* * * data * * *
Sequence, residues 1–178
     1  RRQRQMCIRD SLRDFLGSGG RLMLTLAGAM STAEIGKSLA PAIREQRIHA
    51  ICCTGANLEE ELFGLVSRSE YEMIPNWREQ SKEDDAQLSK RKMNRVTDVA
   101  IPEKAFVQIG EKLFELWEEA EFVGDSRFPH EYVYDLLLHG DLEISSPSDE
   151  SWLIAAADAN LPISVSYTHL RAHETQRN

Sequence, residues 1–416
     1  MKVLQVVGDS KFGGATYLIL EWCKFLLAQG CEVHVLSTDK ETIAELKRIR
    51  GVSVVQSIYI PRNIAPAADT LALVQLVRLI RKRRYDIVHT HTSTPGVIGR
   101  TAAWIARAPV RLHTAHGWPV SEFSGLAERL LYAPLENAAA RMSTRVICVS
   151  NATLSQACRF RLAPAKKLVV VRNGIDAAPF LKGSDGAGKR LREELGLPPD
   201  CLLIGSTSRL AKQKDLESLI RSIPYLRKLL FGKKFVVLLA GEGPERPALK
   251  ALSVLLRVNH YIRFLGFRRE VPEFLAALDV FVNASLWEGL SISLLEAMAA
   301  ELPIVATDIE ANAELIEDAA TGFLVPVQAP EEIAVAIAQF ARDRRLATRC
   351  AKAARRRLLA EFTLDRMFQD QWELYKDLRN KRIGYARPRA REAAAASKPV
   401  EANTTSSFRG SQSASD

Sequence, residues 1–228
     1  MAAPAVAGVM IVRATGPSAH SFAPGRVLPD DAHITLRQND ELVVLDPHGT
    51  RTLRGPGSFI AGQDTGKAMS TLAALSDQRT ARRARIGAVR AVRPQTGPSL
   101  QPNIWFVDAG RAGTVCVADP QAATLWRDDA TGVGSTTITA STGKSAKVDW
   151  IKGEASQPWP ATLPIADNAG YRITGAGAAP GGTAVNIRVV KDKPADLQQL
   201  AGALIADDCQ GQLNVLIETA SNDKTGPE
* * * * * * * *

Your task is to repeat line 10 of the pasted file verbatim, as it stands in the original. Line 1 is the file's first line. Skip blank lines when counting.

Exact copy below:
   151  NATLSQACRF RLAPAKKLVV VRNGIDAAPF LKGSDGAGKR LREELGLPPD